Protection and punishment during times of school threats


GREENVILLE, N.C. (WNCT) — “They ask me what to do in a circumstance if someone were to come into school and do something,” said mom, Karen Beveridge. “Where should they run? Should they run? Should they hide? So yeah, it’s something we think about.”

These are the conversations circulating homes, since more and more local schools have received threats.

“It’s terrifying. I have two school aged children,” said Beveridge. “I have a 17 year old and a 15 year old. So, I definitely worry about them.”

How do you talk to your children about what’s been going on?

“This week the conversation has been all the adults in your life are working together to keep you safe,” said Kylene Dibble, executive director for Parents for Public Schools of Pitt County.

While parents are searching for answers, the Pitt County Sheriff’s Office is arming the schools with patrol deputies and school resource officers.

“We’re building relationship,” said Lt. Kip Gaskins with the Pitt County Sheriff’s Office. “So we’re able to talk to them and they can talk to us. We share information with them and in return, they share information with us. It’s a two way street.”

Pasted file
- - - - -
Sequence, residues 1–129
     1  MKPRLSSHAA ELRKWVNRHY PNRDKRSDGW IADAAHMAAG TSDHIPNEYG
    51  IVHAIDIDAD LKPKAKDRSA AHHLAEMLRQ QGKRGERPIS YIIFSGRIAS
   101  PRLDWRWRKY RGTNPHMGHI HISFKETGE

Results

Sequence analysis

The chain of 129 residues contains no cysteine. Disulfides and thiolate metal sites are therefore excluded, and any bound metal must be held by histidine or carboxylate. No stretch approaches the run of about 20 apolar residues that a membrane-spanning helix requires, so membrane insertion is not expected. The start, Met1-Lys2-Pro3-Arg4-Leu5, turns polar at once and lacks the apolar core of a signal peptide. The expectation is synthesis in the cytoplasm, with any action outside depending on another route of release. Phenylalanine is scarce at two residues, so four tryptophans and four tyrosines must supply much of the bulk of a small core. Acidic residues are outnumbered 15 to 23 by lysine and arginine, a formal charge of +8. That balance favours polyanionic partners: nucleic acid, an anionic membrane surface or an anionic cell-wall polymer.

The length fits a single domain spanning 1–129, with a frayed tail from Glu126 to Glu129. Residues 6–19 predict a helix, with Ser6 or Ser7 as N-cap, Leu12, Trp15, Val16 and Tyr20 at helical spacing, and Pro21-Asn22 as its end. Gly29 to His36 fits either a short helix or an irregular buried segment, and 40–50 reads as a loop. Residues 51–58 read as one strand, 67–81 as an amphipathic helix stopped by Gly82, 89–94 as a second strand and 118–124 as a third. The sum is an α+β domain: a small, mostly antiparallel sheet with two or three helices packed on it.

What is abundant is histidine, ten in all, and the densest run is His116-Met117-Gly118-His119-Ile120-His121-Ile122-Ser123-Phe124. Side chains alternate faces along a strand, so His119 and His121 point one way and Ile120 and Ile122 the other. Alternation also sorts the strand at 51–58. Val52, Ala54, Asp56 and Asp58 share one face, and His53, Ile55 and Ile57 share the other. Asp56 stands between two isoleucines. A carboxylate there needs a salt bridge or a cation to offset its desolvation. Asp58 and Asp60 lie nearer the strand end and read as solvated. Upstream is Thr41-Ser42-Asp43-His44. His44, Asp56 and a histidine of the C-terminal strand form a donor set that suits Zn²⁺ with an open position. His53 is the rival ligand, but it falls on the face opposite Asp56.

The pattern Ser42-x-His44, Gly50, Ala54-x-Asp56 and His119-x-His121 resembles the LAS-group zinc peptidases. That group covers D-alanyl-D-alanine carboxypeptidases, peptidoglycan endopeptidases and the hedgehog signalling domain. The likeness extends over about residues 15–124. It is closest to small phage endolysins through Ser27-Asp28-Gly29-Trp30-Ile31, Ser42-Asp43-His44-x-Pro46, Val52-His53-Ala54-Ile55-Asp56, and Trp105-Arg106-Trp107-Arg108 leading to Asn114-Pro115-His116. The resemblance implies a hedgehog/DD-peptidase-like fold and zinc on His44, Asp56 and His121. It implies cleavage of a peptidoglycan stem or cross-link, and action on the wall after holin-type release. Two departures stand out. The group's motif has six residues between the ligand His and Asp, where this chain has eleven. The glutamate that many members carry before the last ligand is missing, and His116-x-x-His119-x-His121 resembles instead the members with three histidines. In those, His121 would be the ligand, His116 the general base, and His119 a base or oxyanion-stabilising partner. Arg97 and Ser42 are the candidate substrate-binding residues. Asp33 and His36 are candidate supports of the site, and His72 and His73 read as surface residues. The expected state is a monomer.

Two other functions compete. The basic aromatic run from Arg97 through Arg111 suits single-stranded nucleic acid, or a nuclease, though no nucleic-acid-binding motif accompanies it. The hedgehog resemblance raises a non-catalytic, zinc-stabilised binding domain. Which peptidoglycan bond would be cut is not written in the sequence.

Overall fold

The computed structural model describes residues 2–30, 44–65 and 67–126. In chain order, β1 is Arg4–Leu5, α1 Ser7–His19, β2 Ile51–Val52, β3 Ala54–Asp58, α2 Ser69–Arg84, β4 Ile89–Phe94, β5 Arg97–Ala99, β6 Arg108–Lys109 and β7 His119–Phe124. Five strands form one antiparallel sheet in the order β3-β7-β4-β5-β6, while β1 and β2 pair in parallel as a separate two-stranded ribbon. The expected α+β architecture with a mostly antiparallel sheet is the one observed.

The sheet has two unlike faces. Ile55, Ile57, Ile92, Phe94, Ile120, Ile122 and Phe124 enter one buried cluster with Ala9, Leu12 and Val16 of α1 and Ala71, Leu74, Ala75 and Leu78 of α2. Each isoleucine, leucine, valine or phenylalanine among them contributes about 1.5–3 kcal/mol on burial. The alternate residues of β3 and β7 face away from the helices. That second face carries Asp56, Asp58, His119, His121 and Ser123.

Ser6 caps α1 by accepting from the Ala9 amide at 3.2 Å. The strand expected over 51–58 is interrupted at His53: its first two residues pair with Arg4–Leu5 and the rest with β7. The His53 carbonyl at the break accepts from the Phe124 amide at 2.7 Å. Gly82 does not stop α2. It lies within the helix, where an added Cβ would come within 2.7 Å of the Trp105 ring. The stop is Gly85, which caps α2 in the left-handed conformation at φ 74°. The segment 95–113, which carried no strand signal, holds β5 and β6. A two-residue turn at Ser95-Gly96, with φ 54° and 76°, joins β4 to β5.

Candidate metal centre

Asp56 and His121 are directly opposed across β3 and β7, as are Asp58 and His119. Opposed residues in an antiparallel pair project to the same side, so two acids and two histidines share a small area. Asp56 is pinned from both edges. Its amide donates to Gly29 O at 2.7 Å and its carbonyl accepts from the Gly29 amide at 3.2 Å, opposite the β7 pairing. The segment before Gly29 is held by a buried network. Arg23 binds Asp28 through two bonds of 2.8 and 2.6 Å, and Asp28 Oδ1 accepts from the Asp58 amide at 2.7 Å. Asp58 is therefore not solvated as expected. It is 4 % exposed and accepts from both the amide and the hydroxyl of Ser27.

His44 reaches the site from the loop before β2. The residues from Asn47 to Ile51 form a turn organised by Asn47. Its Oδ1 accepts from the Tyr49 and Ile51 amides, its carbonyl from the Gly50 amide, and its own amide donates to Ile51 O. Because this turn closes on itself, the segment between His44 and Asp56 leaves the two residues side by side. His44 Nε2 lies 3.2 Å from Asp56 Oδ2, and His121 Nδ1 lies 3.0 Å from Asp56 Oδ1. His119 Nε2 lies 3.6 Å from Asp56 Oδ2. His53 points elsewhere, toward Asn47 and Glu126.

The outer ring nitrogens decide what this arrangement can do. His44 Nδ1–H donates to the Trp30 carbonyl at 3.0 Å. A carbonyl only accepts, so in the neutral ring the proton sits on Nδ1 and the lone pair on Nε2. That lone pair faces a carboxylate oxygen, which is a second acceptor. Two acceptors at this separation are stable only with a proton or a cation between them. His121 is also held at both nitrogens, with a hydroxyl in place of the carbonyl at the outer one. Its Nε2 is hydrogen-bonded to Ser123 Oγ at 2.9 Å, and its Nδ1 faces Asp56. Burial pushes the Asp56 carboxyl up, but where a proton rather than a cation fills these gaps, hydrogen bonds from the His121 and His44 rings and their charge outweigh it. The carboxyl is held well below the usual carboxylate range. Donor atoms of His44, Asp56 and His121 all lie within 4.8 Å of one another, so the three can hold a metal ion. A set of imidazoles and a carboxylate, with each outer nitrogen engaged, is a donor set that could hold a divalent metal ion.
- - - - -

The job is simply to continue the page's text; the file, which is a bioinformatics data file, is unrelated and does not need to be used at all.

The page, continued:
Adding security is one way to deter the threats from being carried out. Another deterrent is tough punishments.

“This is not a joke,” said district attorney, Scott Thomas. “And we take this seriously in this district.”

Currently prosecutors and judges are limited in terms of how long they can sentence someone found guilty of a false threat. Currently, class ‘H’ felonies carry a maximum sentence of 19 months

If district attorneys like Scott Thomas of Craven County get their ways, state lawmakers would change that.

“The prosecutors and the judges, who know the most about that particular case,” said Thomas. “We should have as much discretion as possible.”

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